Microsoft has finally confirmed that Windows 8 devices based on ARM chips will not be able to run existing Windows apps, ending speculation that buyers might have access to the huge installed base of Windows software.

Speaking at Microsoft's Build developer conference, Windows chief Steven Sinofsky flatly ruled out the possibility of the company offering support for legacy Windows applications with Windows 8 on ARM.

"We're not going to port the installed base of x86 applications to ARM. They don't take advantage of the things that make ARM a great architecture," he said, referring to the power-efficiency of ARM-based processors in mobile devices such as tablets.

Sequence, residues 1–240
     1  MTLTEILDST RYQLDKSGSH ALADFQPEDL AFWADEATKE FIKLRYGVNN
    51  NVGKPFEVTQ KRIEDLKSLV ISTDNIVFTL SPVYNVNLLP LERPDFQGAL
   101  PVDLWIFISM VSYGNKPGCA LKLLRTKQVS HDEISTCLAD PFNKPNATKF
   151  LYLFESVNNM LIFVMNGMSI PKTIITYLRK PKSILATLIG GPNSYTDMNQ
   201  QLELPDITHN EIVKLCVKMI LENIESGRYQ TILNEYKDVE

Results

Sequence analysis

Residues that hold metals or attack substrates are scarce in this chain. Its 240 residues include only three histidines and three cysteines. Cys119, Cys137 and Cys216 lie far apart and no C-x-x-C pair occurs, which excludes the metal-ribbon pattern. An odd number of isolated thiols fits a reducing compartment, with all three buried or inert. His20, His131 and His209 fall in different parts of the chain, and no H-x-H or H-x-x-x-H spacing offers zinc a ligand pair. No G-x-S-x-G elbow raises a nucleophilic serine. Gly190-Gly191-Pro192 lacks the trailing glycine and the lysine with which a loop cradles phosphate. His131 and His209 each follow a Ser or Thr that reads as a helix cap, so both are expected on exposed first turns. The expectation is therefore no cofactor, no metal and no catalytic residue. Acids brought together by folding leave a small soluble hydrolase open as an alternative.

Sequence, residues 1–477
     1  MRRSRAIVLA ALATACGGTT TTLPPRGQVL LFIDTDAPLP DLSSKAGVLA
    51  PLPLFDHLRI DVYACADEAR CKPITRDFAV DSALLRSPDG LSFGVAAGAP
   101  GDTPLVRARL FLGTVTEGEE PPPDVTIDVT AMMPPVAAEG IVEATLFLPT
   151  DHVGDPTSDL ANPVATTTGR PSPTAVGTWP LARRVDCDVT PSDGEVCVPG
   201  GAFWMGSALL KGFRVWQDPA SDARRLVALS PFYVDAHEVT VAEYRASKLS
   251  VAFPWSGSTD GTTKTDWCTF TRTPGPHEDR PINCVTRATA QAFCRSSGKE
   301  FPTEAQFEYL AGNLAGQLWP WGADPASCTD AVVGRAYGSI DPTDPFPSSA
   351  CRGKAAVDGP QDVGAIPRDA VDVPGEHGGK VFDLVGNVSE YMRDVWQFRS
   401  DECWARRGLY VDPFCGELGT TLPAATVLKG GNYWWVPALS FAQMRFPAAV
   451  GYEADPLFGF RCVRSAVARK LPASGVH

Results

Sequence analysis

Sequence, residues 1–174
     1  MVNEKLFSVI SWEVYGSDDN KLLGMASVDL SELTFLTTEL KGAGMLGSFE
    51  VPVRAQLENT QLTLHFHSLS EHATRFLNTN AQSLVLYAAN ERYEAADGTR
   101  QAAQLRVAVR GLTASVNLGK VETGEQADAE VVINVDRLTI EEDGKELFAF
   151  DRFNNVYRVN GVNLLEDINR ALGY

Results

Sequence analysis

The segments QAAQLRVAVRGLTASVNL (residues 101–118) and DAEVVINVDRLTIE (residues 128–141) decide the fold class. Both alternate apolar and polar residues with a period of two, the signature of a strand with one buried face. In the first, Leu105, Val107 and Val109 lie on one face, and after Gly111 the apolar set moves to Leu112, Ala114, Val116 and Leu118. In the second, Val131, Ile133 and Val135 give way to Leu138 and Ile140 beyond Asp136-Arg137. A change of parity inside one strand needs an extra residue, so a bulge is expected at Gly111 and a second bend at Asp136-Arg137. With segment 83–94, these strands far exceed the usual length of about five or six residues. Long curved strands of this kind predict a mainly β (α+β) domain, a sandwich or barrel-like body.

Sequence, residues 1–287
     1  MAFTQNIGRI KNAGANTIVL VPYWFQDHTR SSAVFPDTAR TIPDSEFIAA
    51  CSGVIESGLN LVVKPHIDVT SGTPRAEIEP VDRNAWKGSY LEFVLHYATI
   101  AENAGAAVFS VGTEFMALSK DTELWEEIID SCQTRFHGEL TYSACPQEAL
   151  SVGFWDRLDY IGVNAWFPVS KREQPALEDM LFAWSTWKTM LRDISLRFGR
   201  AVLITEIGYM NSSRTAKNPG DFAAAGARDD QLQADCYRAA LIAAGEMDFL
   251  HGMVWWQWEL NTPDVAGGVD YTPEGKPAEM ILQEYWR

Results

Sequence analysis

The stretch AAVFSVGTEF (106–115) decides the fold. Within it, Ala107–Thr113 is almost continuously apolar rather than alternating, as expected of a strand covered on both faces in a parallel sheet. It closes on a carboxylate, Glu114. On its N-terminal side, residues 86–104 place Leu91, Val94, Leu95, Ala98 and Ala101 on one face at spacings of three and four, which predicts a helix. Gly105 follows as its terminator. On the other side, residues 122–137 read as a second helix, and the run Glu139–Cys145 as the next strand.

In particular, legacy x86 applications are not built with awareness of power management states, and would lead to greatly reduced battery life, he said.

Sinofsky further stated that all Windows 8 applications for ARM will be available via the Windows Store, and will be the cross-platform Metro style, apparently contradicting earlier statements from Microsoft that a "native" ARM version of its Office suite was in the works.

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